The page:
In a second approach, covalent bonds attach ODNs to the polymer. This requires the synthesis of modified monomers that possess linker groups appropriate for binding to end-modified DNA-probe strands.4 While chemically more demanding than simple entrapment, this approach holds the promise of molecular tuning. That is, linker groups can be designed to maximize the transduction of the hybridization event to the polymer backbone. Recently, we started to systematically study the effect of linker properties on sensor performance and have achieved promising results. This approach also uses impedance spectroscopy to measure the resulting hybridization.

We are also exploring the use of other nanomaterials to further improve sensor properties.3 For example, our work shows that labelling probes with semiconductor nanoparticles increases sensor response as compared to using unlabeled-probe strands. This amplification results from the comparatively large size and charge of the employed nanoparticles and indicates the potential of new sensor designs that harvest the properties of both nanomaterials and CPs (see Figure 1).


Figure 1. Labelling DNA probes with nanoparticles increases the amplification in a gene sensor based on polypyrrole, which is a conducting polymer (CP). (Left panel) A layer of nanoparticle-labelled probe strands attaches to target oligodeoxynucleotides (ODNs) on the CP film after hybridization. (Right panel) Unlabelled ODN probes bind to the CP film. The bar graph shows the relative responses from both sensors in charge transfer resistance (ΔRct).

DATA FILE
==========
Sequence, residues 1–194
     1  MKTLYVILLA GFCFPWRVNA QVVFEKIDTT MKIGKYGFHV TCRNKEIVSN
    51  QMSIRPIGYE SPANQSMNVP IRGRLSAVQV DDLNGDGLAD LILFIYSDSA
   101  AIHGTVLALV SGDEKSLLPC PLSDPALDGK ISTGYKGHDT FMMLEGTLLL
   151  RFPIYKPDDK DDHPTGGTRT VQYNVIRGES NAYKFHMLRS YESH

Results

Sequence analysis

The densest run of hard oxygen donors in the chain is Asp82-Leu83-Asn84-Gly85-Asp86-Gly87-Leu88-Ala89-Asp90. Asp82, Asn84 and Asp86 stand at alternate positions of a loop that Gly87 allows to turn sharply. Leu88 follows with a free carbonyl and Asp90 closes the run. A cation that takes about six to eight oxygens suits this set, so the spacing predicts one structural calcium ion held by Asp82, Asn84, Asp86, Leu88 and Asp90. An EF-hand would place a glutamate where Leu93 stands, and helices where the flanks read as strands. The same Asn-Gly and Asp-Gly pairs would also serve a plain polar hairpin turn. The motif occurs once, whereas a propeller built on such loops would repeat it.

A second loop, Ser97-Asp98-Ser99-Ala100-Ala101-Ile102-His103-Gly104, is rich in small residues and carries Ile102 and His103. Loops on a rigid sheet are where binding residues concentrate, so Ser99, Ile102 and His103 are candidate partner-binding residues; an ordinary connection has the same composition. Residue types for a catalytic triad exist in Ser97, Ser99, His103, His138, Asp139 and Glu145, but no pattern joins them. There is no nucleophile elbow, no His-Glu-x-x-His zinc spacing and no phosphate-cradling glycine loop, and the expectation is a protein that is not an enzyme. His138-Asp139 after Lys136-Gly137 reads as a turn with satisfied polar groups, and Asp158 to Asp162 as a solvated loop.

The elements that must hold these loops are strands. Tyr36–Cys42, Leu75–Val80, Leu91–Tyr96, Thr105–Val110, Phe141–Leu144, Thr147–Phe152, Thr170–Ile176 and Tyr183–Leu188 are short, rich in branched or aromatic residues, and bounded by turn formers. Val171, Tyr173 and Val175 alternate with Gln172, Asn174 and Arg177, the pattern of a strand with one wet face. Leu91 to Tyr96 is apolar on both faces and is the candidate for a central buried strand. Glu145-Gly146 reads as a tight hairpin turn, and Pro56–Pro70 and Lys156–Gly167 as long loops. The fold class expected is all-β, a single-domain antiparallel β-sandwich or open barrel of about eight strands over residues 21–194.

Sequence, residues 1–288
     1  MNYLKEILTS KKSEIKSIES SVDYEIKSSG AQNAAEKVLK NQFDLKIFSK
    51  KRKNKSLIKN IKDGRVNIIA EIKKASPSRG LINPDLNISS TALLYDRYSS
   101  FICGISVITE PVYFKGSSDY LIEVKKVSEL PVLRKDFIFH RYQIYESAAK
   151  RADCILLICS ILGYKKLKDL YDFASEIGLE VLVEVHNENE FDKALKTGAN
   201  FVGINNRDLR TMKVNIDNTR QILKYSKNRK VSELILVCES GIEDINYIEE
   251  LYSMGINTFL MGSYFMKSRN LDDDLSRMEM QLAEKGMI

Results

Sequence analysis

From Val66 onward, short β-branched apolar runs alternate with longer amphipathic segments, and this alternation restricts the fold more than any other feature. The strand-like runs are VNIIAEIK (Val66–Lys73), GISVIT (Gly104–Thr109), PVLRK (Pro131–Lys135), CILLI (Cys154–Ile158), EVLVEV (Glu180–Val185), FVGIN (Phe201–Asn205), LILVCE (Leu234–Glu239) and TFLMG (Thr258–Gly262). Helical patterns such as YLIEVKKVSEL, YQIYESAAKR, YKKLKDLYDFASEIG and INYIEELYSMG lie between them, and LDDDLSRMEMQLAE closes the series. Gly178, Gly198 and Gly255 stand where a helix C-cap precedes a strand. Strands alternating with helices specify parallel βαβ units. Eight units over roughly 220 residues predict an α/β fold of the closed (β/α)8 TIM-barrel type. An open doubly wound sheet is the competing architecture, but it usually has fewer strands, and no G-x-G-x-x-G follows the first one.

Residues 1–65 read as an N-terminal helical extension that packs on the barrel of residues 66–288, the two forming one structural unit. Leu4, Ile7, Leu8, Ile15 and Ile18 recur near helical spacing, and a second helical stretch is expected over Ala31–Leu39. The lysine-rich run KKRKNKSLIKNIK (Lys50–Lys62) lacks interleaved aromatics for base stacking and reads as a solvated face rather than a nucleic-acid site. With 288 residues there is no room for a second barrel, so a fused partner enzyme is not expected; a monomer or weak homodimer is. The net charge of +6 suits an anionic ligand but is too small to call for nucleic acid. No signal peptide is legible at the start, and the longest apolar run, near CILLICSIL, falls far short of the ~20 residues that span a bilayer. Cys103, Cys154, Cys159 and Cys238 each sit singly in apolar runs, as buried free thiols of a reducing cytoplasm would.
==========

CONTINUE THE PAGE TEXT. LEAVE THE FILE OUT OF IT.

As indicated by our and others' work,5 CP-based electrochemical sensors—possibly in conjunction with other new nanomaterials—hold great promise to provide the next generation of affordable and rapid gene sensors. Nevertheless, this growing area of bionanotechnology faces a number of major challenges. First, the sensitivity cannot yet match the detection limits of fluorescent-labelling assays. Second, while the route to sensor miniaturization appears straightforward, much work is still required to realize large-scale CP-based microarrays. Finally, although we have some understanding about the mechanisms underlying the sensor response, more information is required to realize the full potential of this technology. To overcome the first challenge, we are currently investigating opto-electrical readout, which should boost the sensitivity.


Authors
Jadranka Travas-sejdic and Christian Soeller
Polymer Electronics Research Center, The University of Auckland
Auckland, New Zealand